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Tuesday 22 Aug 2017 | 06:05 | SYDNEY
Tuesday 22 Aug 2017 | 06:05 | SYDNEY

Reader riposte: What is a 'middle power'?



28 March 2008 09:25

In reponse to my commentary on Kevin Rudd's foreign policy speech, Hans van Leeuwen writes:

I'm no champion of the Howard-Downer foreign policy, but is it possibly a little unfair to characterise them as not having engaged with the UN? After all, didn't Australia make a determined push for a seat on the UN Security Council a few years ago? And didn't they recently send a very senior ex-minister (Robert Hill) to be 'our man at the UN'? And didn't they want the UN in East Timor, unlike the US in Iraq? Admittedly, however, an indication of Australia's poor engagement with the UN might be the failure of the bid for a Security Council seat -- perhaps (I speculate) because we were seen as an automatic vote for the US rather than an independent and multilateralist voice? In which case, it's worth asking whether Rudd actually intends to, or is capable of, turning that image around.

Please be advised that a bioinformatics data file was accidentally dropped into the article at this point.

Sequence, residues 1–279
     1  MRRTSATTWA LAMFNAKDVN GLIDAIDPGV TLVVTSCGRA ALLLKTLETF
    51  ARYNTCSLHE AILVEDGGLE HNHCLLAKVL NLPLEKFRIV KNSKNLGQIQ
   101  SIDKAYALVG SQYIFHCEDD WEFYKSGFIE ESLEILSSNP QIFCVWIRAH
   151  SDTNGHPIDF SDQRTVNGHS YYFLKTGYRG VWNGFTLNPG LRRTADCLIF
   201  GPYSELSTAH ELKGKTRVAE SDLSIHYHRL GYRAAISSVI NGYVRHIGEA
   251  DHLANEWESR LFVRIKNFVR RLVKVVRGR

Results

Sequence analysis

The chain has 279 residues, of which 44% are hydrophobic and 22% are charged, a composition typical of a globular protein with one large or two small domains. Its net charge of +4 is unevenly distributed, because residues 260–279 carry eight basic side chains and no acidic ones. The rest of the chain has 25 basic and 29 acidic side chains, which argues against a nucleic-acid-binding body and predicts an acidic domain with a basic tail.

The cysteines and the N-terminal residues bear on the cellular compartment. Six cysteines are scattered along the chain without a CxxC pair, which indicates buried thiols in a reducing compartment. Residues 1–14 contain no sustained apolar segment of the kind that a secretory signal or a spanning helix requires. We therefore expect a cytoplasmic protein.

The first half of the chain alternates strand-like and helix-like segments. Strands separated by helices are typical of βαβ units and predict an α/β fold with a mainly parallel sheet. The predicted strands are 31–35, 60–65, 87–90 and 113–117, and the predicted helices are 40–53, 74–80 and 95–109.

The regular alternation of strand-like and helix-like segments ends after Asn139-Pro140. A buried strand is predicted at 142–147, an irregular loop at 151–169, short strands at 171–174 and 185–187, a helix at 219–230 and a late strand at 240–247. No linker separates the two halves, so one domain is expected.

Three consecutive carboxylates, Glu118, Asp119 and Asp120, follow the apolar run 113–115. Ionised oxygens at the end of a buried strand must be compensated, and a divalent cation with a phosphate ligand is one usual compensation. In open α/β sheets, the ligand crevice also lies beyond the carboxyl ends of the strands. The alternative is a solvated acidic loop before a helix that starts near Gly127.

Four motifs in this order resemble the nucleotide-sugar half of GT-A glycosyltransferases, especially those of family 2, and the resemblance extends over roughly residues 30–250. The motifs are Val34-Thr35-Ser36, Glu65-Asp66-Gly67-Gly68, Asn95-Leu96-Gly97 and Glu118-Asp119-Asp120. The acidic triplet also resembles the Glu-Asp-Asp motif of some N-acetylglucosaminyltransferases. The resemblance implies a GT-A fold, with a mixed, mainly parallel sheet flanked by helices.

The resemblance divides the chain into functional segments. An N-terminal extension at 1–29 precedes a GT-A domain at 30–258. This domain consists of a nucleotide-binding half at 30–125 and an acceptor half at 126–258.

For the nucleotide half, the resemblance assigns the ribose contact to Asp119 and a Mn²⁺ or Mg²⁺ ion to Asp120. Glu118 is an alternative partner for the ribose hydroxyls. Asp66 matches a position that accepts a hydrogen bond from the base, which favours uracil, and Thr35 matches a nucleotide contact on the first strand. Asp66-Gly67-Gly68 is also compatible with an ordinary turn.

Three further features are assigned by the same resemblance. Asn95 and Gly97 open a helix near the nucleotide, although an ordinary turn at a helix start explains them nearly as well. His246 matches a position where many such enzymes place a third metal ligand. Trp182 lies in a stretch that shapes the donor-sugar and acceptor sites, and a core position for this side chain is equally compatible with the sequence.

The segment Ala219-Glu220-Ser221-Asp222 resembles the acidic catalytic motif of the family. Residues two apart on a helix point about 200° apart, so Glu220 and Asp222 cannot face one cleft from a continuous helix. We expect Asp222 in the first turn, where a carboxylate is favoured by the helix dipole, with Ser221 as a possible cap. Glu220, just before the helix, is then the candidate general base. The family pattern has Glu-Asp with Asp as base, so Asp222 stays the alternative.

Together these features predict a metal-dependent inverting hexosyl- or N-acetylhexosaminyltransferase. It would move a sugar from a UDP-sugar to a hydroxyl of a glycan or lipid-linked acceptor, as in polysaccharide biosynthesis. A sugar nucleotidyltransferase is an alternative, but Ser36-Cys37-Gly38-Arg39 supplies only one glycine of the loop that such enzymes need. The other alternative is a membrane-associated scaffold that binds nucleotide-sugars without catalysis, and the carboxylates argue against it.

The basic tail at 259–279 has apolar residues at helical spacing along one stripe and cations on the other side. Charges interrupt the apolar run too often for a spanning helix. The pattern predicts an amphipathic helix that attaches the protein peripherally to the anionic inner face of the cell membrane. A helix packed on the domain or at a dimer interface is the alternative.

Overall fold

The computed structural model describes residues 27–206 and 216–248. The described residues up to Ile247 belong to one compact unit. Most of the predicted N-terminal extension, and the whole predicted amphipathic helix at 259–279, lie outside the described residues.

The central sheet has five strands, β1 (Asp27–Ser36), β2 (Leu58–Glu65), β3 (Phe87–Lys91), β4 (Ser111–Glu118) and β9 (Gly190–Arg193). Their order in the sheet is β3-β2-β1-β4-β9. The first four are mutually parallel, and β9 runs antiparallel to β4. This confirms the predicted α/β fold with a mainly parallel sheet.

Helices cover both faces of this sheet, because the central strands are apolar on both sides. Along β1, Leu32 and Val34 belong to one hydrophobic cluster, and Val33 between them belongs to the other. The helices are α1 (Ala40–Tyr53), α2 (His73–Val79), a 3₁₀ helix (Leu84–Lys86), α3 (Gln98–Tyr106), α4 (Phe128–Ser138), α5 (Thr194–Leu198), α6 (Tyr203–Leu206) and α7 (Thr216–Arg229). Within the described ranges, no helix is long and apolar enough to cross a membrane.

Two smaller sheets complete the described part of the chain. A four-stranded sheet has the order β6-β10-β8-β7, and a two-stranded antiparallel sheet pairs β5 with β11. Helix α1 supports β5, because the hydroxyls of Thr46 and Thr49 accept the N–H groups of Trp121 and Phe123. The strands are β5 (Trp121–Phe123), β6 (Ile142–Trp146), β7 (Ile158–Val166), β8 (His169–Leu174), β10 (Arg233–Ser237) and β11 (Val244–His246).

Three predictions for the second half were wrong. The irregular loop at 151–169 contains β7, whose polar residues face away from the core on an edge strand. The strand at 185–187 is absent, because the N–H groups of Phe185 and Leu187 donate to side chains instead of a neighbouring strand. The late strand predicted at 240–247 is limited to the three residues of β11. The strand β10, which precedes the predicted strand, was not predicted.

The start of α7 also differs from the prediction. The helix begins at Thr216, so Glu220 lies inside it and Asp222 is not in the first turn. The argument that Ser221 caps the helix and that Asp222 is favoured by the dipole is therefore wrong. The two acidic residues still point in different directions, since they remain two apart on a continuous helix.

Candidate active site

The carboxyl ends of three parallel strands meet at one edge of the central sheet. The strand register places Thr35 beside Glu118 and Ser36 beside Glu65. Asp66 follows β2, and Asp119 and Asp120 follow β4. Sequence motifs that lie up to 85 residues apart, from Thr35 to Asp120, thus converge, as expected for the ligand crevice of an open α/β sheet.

I'm also amused to see that Rudd shares the Downer fantasy that Australia is a 'middle power'. I'd be interested to know what the characteristics are that define middle-powerdom. If it's military projection, significance and activity, then Poland is a middle power (and far more important than Australia). If it's strategic significance, then Korea is a middle power. If it's economic clout, then Spain is a middle power. These three (except possibly Korea) are almost invisible to us on the world stage; just as we are invisible to almost everyone else. (Indeed, I've sometimes noticed, in the foreign press, Australia left off lists of countries supplying troops to Iraq.) In fact, on any rubric of 'middle power' that includes Australia, there are so many middle powers that the term is basically meaningless.

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